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Please use this identifier to cite or link to this item: http://hdl.handle.net/1942/16783

Title: Reconfiguration, Replacement or Removal? Evaluating the Flemish Post-War Detached Dwelling and its Part in Contemporary Spatial Planning and Architecture.
Other Titles: Aanpassen, Vervangen, of Verwijderen? Een Evaluatie van de Rol van Naoorlogse, Vrijstaande Woningen in de Hedendaagse Ruimtelijke Ordening en Architectuur in Vlaanderen.
Authors: VAN DE WEIJER, Marijn
Advisors: VAN CLEEMPOEL, Koenraad
Heynen, Hilde
Ryckewaert, Michael
Issue Date: 2014
Abstract: This research explores whether the intrinsic spatial surplus of the post - war, detached dwellings and low-density, dispersed residential neighbourhoods in Flanders, holds potential for transformation in line with con temporary housing standards and demands. This work adopted an architectural approach in order to investigate the feasibility of transformative strategies. Hence, it forms one of three complementary tracks of the FWO funded project Large, Underused Dwellings in Flanders, and is based on typological and design-based research, whereas the other two tracks have respectively studied the shared problem from a geographical and a discursive perspective. This doctoral project has also taken on a second goal which is to frame such design-based enquiry in an academic context. As main source for data gathering throughout the entire project, 10 municipalities across Flanders, with a significant share of detached dwellings, were selected as case studies. About 80% of the Flemish housing stock consists of single family houses, of which 42% are detached dwellings. Many of these were built on spacious lots in a semi-rural or suburban environment during the massive suburbanisation process which was started after the Second World War. The detached dwelling in a semi-rural, green environment has been a key building stone in this process, and is still perceived as the ideal housing situation by many Flemings. The structure of small-scale ownership ensures continuity, and the system facilitates incremental infill of empty lots and retrofitting existing dwellings. This housing model and its mode of production can however be seen as problematical, because they no longer match demographical and socio-economic developments. The ageing population, and the decreasing average household size, result in a demand for other residential typologies: smaller, more compact, and preferably closer to urbanised cores. Moreover, academic researchers, spatial planners an d designers associate the continuation of this mode of spatial production with high emission levels, traffic congestion and loss of open space. Hence there is an emerging interest in, and a need for, alternative models and strategies of transformation. The main body of the work is preceded by an exploration of designerly research, which emerged as a methodology proper to architectural research. Chapter two describes how different approaches to designerly research are used in practice and academia, sharing the goal to address inert and ill-defined problems. A theoretical framework for exchange between scientific and design-based methodologies, allowing the development of transdisciplinary modes of enquiry into ill-defined problems is proposed. Cons equentially, the thesis develops such a process of exchange. Complementary research approaches build on tentative observations and results, and contribute to the understanding of design strategies intervening in the residential environment on different scale levels. The viewpoints of inhabitants of detached dwellings regarding potential adaptive strategies a represented in chapter three. In chapter four, the viewpoints of inhabitants are complemented with a typological analysis of a sample of 65 dwellings documented during field work, in order to determine potential and resistance vis-à-vis transformative concepts on the scale of the dwelling. Chapter five enquires how professional actors involve the detached dwelling and potential design strategies for transformation in their work. A site- and case specific design approach is explored in chapter six, based on a workshop with students in interior architecture and architecture. The workshop investigated plausible conditions and narratives to implement transformative design concepts on the level of the dwelling. The thesis concludes by reviewing these diverse perspectives, addressing the paradoxes and alliances which are exposed, and outlines how these prototypical strategies could impact concrete municipalities. This analysis informs the formulation of three visions on transformation of low density residential environments, combining the strategies of reconfiguration (the retrofitting of existing dwellings) replacement (demolishing existing dwellings and replacing these with alternative dwelling types on site ) and removal (the demolition of dwellings in remote locations followed by densification in more central areas). These visions outline potential evolutions towards differentiation and densification of Flemish residential neighbourhoods.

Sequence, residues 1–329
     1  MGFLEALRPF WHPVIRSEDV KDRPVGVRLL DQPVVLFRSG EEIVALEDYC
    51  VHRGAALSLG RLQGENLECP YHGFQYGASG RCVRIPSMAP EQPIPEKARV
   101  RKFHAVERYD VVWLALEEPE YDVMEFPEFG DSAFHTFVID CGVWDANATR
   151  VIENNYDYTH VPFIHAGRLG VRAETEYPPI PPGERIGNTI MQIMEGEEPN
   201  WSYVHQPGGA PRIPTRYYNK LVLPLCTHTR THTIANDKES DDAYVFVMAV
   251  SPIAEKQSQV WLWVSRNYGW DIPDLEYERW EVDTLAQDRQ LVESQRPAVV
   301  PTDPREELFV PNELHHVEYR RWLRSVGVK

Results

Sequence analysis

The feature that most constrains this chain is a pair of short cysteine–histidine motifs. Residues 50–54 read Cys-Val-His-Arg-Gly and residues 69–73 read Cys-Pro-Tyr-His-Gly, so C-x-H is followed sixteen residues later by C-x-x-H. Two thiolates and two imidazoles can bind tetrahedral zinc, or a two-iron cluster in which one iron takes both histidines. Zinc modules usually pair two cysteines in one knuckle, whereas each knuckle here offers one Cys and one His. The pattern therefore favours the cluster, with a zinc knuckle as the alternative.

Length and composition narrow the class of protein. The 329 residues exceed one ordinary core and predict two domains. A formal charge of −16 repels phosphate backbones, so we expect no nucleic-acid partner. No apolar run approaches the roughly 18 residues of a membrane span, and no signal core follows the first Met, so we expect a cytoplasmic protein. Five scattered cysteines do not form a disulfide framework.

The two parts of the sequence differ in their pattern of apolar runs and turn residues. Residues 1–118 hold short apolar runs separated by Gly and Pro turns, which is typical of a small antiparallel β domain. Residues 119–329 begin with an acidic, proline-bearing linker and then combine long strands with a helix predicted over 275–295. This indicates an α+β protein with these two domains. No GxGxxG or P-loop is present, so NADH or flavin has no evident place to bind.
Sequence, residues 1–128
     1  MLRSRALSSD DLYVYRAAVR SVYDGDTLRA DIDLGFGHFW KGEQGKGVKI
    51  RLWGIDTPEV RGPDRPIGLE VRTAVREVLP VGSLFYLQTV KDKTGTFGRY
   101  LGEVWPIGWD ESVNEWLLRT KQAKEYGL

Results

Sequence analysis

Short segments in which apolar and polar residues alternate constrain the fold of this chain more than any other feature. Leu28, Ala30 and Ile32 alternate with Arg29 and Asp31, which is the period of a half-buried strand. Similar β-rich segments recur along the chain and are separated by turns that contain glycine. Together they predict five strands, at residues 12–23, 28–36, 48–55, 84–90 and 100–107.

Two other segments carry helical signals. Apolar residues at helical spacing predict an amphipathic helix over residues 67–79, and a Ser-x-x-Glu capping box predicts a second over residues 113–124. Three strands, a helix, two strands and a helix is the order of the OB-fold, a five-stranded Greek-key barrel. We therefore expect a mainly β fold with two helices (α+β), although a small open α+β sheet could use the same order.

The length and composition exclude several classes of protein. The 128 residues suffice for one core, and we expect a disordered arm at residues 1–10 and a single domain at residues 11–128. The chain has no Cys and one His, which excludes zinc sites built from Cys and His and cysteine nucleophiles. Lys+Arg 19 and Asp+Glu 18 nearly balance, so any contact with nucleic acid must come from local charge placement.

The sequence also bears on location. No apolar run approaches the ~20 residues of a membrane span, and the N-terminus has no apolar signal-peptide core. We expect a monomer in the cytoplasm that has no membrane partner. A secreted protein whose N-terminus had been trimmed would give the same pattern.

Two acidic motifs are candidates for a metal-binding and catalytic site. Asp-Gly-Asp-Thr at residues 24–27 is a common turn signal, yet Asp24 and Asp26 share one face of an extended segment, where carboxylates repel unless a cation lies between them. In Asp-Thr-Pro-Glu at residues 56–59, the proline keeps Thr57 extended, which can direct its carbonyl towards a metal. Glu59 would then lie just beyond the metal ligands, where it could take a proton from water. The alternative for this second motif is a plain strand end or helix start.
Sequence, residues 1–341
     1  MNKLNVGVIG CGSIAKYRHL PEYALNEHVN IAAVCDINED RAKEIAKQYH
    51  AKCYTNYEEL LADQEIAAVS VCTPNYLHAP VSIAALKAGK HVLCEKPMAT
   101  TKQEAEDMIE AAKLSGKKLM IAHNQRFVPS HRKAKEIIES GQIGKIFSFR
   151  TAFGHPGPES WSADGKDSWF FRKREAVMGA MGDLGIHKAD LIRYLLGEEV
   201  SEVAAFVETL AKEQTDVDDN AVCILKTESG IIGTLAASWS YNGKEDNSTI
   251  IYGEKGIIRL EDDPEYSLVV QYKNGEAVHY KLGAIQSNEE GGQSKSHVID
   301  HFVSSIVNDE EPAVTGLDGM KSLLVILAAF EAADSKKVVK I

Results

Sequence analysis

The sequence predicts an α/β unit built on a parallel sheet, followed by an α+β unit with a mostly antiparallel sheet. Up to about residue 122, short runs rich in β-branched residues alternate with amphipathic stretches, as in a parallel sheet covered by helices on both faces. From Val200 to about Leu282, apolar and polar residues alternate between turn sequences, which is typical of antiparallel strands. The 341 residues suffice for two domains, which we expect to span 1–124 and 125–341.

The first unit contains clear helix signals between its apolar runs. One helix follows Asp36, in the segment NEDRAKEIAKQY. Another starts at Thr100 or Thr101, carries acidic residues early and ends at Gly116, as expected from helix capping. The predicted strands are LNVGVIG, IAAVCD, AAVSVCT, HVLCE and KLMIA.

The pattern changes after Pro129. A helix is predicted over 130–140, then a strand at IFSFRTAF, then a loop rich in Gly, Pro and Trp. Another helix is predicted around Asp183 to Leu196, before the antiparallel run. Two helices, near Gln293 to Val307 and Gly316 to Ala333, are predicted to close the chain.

URI: http://hdl.handle.net/1942/16783
Link to publication: https://lirias.kuleuven.be/handle/123456789/451163
ISBN: 978-94-6018-823-7
Category: T1
Type: Theses and Dissertations
Appears in Collections: PhD theses
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